• Feral foods such as nopalito, lambs quarters, etc, that grow all over wherever you live, are also a lifesaver.

• And of course you can always be growing a bit of your own. Even if you’re a pathetic brown-thumbed gardener like me, you can always be growing SOMETHING. For me, that “something” is most often sprouts in a jar!!!

• Present-day Americans refrigerate a lot of stuff that doesn’t need refrigerating. (Actually I knew this before.)

• Sometimes a listserve post can become a blog entry, that might embolden and inspire others to conduct their own “Mister Wizard Science Experiments” in fridgeless living …

By the way, in my current home in Florida, we have four adults and one teenager sharing a refrigerator. I don’t need the fridge much, but like it because it lets me keep fresh cream for my coffee. And a final note: In winter, even in Austin, I found I didn’t really need a fridge at all, so I just quit using it.


Postscript: Reading this article, and noticing the electricity consumption of the large old fridge in the house where I now live, has rekindled my interest in fridgeless living. The article by Karen Hendry, posting on the Survival Sullivan website (see “Further Reading” links below), has renewed my inspiration also. I may or may not go fridge-free long term, but it sure is liberating to have this means of further reducing my footprint. And to be someone who doesn’t worry much about power outages!

The last few paragraphs of Ms. Hendry’s article sum it up nicely:

Having a fridge is perhaps the epitome of our privileged, gluttonous North American lifestyle. In many countries around the world, people live without the convenience of a fridge and they manage just fine. Will you have to adjust your lifestyle to accommodate a lack of refrigeration? You bet!

There won’t be a cold drink waiting for you after you finish work, but you’ll get used to that. You will also only be able to cook smaller meals that won’t result in leftovers, but you will be eating fresher food, smaller portions, and less junk (like ice cream). This means you will be living a healthier lifestyle and be more motivated to reduce the amount of food you waste.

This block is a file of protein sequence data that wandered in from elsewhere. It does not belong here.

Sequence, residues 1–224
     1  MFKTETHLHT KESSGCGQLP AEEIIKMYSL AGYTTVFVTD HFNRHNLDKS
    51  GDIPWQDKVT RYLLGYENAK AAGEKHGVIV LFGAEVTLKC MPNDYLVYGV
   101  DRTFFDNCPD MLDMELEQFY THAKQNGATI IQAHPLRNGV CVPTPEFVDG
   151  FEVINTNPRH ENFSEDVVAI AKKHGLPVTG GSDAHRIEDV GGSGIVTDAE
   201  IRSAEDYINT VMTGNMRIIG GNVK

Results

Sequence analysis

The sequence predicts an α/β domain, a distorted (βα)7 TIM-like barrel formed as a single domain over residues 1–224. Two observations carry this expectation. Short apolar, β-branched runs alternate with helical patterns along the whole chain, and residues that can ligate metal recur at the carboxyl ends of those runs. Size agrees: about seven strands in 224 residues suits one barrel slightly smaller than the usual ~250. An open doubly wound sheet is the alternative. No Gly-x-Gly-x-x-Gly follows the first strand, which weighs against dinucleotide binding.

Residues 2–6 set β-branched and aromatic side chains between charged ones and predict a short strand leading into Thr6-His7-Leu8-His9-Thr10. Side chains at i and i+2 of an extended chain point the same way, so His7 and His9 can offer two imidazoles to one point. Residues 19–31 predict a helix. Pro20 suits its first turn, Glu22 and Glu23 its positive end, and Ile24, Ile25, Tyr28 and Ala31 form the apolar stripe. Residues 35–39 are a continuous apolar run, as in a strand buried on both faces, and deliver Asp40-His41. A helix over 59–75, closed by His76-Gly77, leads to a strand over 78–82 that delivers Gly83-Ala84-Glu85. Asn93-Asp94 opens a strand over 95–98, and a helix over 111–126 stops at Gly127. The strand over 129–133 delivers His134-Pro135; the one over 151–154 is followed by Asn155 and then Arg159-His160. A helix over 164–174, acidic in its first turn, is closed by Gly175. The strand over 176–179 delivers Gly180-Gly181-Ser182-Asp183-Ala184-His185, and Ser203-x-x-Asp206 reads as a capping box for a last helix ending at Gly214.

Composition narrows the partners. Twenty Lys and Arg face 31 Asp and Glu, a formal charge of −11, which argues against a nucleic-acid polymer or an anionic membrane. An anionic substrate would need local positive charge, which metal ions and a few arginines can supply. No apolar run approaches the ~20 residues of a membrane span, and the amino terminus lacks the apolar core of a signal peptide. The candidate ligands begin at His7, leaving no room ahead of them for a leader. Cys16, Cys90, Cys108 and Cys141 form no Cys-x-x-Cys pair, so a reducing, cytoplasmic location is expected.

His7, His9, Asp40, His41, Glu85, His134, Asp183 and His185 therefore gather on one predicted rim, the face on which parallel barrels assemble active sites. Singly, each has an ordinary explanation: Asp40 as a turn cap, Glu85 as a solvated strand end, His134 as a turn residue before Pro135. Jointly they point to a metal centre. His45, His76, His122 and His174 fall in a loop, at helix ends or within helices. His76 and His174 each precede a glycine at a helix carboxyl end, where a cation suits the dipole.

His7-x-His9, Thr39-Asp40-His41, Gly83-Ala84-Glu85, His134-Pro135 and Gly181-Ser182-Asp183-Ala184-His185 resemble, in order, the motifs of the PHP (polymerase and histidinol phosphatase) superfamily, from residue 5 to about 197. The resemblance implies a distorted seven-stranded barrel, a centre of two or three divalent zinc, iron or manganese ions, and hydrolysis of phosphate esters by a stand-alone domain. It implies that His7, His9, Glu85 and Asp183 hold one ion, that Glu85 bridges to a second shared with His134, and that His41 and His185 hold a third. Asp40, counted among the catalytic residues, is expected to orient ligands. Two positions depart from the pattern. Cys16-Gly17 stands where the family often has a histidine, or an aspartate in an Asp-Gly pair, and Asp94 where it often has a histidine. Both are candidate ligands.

Hey, you can always try it for a month and see what you think. Your fridge will always be there if you decide you can’t live without it.

Further Reading:

• Excellent article by “Survival Sullivan” on how to live without a fridge. The site is prepper/doomer-oriented, and although I don’t prefer to maintain that kind of mindset day in and day out, Survival Sullivan offers a wealth of practical advice for anyone looking to cut their footprint while also “planning for the worst.” My preferred strategy of planning for the worst is to build resilience (as opposed to, say, hoarding massive stores of packaged food and other supplies). Learning how to live without a fridge (even if you prefer to use a fridge in your everyday life) is a prime example of building resilience. SSullivan’s article is very detailed and extensive; even has a segment about making homemade bacon!

• To my surprise, after retrieving the file of my article “The Fridgeless Experiment” from my hard drive, I actually found my article still up on Austin EcoNetwork’s website!
By the way, AEN’s website is another good one to bookmark. There’s a critical mass of eco-expertise that’s well-reflected in the various blogs on the site. I also find the Jobs section inspiring, and the news of new local businesses such as a snow-cone business . Glimpsing the rich social/economic/business ecosystem of another city, particularly one like Austin that’s had a lot of success in “greening up,” can expand our awareness and help us raise the bar for what’s possible in our own hometowns. Think bicycle-based composting businesses, and a shaved-ice food truck called SolarSno, which is powered entirely by off-grid solar energy.